Enteric Fever Treatment Failures: A Global Concern.
Fluoroquinolones have been in use for [is greater than] 15 years and have remained an extremely important weapon against infections. Ciprofloxacin is used widely in India to treat many human infections, even without prescription, although recommendations limit its use to enteric cases caused by multidrug-resistant (MDR) strains. However, concern is increasing that widespread use of these and newer drugs will result in development of resistance against them. Recently, reports have increased worldwide concerning reduced activity of ciprofloxacin and allied drugs against many infectious agents, including Salmonella (2-4).
In an ongoing study of drug susceptibility following E-test, [is greater than] 12% of recent isolates of S. typhi in our institution have shown increased MICs to ciprofloxacin (range 1.0 to 2.0 [micro]g/mL), with 3% as high as 2.5 [micro]g/mL (3-4). Of [is greater than] 100 strains screened recently, 4 of 18 MDR strains had increased resistance to ciprofloxacin. Of the rest, 9 of 82 had higher MICs to ciprofloxacin alone but were not MDR, and 2 were cases of double infection with S. Typhi and S. Paratyphi A, common serotypes causing enteric fever in our region. Because resistance to the quinolone group of drugs (caused by gene mutations) develops independent of that in other drugs, which are plasmid encoded, it also may develop in otherwise sensitive strains.
However, our recent observations differ from those of Dr. Threlfall, as well as from past data from India. We have observed that treatment failures did not always correlate with higher MICs to nalidixic acid and ciprofloxacin alone. We have also noted a declining rate of MDR in S. Typhi, reflecting increased sensitivity to chloramphenicol, amoxicillin, and trimethoprim. However, S. Paratyphi A showed relatively increased resistance to these drugs. The increasing resistance to ciprofloxacin, to which enteric fever treatment failures are often attributed, is now mainly caused by strains susceptible to other common drugs.
Drs. Threlfall and Ward stated that [is greater than] 50% of strains with decreased susceptibility to ciprofloxacin were MDR (1). In contrast, our findings suggest that, despite prolonged doses of ciprofloxacin, treatment failures are still common with isolates sensitive to ciprofloxacin and nalidixic acid. Drs. Threlfall and Ward also emphasized that MDR cases with reduced sensitivity to ciprofloxacin are mainly transmitted by travelers returning from India and Pakistan. This conclusion would be justified as long as phage type E1, comprising MDR strains with higher MICs to ciprofloxacin, is endemic in India. However, problems of reduced action by ciprofloxacin are now thought to be independent of MDR, to result from many other factors, and thus to be of global origin and incidence. Overall, we observe a much higher rate than in the past of reduced susceptibility in S. Typhi and S. Paratyphi A in our region, causing delayed response in enteric patients. The increasing enteric fever treatment failures noted by our clinicians indicate the need for careful screening of recent isolates.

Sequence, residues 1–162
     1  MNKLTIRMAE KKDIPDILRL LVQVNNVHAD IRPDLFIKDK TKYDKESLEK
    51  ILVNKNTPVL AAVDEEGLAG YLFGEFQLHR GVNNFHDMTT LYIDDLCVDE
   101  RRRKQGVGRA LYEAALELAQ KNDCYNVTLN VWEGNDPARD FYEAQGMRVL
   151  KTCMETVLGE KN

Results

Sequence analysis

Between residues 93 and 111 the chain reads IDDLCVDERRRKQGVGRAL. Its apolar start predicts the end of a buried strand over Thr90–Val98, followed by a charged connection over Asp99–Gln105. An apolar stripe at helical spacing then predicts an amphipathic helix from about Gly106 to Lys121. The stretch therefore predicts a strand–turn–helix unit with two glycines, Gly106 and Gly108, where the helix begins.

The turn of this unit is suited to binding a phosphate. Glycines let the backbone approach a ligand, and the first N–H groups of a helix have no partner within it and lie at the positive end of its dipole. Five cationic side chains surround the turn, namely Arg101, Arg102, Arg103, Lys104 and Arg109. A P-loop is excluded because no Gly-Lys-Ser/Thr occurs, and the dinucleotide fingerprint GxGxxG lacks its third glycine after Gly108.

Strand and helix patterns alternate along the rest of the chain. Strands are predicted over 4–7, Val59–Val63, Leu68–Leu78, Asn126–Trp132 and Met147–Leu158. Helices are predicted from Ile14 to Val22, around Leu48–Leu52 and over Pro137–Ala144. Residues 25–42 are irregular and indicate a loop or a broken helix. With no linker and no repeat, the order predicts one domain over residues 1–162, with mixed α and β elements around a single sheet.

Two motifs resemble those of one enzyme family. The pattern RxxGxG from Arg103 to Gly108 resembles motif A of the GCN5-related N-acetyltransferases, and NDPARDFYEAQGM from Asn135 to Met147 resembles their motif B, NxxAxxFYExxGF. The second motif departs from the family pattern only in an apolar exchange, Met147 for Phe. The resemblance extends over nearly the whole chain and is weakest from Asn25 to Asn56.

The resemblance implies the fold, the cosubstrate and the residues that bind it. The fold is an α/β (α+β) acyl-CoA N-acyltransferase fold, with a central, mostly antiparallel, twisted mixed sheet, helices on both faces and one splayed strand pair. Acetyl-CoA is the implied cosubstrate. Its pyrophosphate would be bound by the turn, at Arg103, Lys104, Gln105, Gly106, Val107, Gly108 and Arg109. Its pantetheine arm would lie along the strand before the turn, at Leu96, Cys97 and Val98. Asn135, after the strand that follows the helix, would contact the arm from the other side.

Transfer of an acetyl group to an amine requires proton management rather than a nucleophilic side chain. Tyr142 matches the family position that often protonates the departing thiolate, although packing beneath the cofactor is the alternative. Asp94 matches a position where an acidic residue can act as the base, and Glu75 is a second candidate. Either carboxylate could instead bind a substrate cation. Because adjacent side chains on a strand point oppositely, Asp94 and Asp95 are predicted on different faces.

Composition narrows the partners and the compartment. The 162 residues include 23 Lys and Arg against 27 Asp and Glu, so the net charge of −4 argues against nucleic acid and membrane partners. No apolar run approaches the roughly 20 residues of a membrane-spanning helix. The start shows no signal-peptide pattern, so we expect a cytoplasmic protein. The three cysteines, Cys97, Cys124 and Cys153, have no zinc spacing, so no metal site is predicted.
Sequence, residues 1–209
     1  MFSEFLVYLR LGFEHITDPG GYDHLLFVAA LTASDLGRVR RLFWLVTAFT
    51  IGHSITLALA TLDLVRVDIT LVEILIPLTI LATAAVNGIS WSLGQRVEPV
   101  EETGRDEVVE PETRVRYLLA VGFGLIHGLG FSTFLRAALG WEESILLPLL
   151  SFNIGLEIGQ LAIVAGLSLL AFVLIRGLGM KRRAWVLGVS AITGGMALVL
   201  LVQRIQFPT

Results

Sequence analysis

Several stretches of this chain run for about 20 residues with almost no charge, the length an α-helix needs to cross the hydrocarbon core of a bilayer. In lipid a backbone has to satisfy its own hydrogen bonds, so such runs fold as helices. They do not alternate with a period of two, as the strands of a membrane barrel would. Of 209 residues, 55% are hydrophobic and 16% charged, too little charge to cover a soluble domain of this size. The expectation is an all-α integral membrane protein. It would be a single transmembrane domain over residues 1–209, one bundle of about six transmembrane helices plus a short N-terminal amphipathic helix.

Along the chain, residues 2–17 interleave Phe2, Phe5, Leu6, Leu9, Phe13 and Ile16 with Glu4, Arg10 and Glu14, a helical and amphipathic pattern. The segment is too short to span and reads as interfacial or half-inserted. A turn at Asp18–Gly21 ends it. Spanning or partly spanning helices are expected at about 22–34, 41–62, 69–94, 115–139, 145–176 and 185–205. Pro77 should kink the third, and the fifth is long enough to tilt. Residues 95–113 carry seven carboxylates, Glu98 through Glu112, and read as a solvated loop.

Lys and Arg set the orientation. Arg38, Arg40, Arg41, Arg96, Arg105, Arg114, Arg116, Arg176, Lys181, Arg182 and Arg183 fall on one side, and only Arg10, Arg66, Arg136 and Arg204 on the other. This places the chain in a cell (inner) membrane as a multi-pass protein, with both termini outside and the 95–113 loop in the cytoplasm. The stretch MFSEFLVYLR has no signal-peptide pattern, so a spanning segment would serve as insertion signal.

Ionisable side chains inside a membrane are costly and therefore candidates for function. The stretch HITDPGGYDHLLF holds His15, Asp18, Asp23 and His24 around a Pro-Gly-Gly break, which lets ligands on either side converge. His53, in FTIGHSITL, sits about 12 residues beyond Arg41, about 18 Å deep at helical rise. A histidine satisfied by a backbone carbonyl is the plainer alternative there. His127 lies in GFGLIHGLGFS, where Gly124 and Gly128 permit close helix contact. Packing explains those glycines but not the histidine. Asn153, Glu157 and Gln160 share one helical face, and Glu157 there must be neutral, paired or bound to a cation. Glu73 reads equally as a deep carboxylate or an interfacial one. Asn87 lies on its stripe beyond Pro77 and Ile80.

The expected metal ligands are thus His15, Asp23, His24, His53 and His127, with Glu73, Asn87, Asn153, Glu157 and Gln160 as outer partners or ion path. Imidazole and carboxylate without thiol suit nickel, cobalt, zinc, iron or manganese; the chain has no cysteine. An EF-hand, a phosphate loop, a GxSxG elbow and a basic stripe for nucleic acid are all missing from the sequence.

Fluoroquinolone resistance usually results from mutations in genes for drug targets (gyrA and parC) or potential of the drug being marked as a substrate as a result of overexpression of drug-efflux pumps (5). Drug resistance attributable to efflux has been reported in a number of gram-negative species, including Salmonella and Pseudomonas. Strains expressing efflux mechanisms leading to fluoroquinolone resistance are cross-resistant to a number of structurally unrelated antimicrobial agents, permitting multidrug resistance to develop (6). Therefore, inhibition of efflux systems as targets of therapeutic intervention would help prevent emergence of resistance to fluoroquinolones and associated drugs and would further potentiate drug activity. Bacteria exposed to concentrations near their MIC values readily undergo selection for resistance to ciprofloxacin (7). Hence, dosing regimens accounting for both treatment efficacy and susceptibility of clinical pathogens should help control drug resistance that causes frequent treatment failures (8).